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Binghamton officials defend response time to mass shooting

Monday, April 6, 2009

(Photo)
Relatives of shooting victims Lan Ho and Long Huynh pray Sunday outside the American Civic Association in Binghamton, N.Y.
(Matt Rourke ~ Associated Press)
BINGHAMTON, N.Y. -- A faster response by emergency officials to the attack at an immigrant services center in Binghamton would have saved no lives, a county prosecutor said Sunday.

The shooting at the American Civic Association stopped shortly after the first 911 calls came in at 10:30 a.m., but police didn't enter the building until nearly 45 minutes later.

Survivors reported huddling for hours in a basement, not knowing whether they were still in danger after the gunman, 41-year-old Jiverly Wong, killed 13 people Friday.

Medical examiners who conducted autopsies on the victims reported that their injuries were so severe, they would not have survived, said Broome County District Attorney Gerald F. Mollen.

"Nobody could have been saved if the police walked in the door that first minute," he said.

The prosecutor's comments came at a news conference Sunday as officials prepared to release a list of names and home countries of the victims.

Four Chinese were among those killed, and a Chinese student was also shot in the arm and leg but survived, officials said. The other victims came from Haiti, Pakistan, the Philippines, Iraq, Brazil, Vietnam and the United States.

The first 911 calls came in at 10:30 a.m., police chief Joseph Zikuski said at a news conference. The callers spoke broken English, and it took dispatchers two minutes to sort out what was happening, he said.

The first patrol cars arrived at 10:33 a.m.

Officers were on the scene five minutes before a wounded receptionist called police to report a gunman in the building, Zikuski said. Police had earlier said it was that call that brought them to the immigration center.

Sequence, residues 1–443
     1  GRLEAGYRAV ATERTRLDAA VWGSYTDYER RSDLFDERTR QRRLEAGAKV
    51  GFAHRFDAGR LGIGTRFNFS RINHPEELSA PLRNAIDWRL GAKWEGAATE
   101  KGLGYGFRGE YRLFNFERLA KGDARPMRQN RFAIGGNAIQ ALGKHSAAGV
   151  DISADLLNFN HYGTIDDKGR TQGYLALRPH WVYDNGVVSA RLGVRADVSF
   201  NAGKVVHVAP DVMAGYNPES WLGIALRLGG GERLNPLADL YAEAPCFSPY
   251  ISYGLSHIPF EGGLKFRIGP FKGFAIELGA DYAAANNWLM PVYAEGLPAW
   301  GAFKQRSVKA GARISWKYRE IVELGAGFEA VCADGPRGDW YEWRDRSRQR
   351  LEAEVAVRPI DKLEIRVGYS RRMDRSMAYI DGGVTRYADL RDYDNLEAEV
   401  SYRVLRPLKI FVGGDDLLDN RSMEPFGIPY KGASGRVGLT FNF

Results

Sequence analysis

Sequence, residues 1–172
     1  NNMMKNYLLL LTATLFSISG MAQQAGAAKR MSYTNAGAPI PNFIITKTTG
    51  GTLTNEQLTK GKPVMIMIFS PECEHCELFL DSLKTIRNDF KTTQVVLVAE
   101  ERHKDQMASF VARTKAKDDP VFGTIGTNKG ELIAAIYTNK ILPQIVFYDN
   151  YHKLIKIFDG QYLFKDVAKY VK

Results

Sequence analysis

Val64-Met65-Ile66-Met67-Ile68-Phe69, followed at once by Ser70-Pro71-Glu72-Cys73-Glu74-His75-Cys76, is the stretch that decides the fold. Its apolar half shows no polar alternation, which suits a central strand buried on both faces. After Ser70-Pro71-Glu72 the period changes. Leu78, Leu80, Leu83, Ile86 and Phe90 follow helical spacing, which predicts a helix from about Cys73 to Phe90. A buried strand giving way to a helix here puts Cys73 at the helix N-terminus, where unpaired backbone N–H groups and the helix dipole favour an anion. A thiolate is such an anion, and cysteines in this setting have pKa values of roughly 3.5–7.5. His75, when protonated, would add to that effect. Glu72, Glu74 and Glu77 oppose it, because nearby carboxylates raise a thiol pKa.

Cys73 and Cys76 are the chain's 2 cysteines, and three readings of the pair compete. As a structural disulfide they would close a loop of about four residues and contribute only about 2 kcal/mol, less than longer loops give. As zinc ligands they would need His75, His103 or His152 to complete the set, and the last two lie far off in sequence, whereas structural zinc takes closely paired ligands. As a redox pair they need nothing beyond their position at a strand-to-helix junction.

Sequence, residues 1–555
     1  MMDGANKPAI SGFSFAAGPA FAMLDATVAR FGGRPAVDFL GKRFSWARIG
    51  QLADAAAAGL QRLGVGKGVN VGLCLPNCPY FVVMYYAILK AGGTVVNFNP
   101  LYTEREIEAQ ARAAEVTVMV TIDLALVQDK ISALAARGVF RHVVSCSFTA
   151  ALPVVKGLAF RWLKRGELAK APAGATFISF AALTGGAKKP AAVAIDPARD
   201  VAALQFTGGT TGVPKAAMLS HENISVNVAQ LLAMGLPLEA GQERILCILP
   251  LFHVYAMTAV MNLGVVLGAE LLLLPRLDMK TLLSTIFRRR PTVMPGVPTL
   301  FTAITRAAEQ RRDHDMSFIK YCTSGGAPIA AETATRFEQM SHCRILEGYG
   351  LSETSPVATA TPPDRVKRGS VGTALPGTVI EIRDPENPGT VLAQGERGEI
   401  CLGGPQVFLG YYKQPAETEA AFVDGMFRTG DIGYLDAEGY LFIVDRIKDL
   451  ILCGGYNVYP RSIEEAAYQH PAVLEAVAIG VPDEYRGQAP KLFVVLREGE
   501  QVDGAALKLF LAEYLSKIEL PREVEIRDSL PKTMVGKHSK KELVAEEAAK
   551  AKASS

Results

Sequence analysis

A SWAT team entered the building 43 minutes after the first call to police.

When police got there, the gunfire had stopped, so they believed there was no "active gunman" in the center and decided to wait for the SWAT team to arrive, Zikuski said.

Zikuski said his officers would have gone into the building if shots had still been flying.

"If you arrive on the scene -- the first two to four guys -- and there's an active shooter, they enter," he said.

Pressed on why police didn't go into building, Zikuski said information they were getting from the receptionist was still uncertain enough to warrant caution.

"He was dead. We didn't know it," Zikuski said. "If there's a bunch of cops laying on the floor shot trying to rescue somebody else, it's not going to help anybody."

When reporters repeated the line of questioning, Mollen jumped in to defend the police chief.

"I don't think it's fair to ask Chief Zikuski to respond to hypotheticals," he said, adding that there would be a full review and report on the shooting, including the police response.

A former FBI agent who was also a member of a SWAT team said the response was appropriate.

"Lord, that seems like that was fast," said Harold Copus, who now runs a consulting company based in Atlanta. "When something like this happens, as you can imagine, it's mass confusion."

Wong was "an avid gunman" who had recently visited a firing range weekly, Zikuski said, but authorities still don't know his motive.

Authorities don't know whether he had a particular target, and Zikuski said the choice of targets may have even been random.

Officials have said Wong was apparently upset about losing his job at a vacuum plant and about people picking on him for his limited English.


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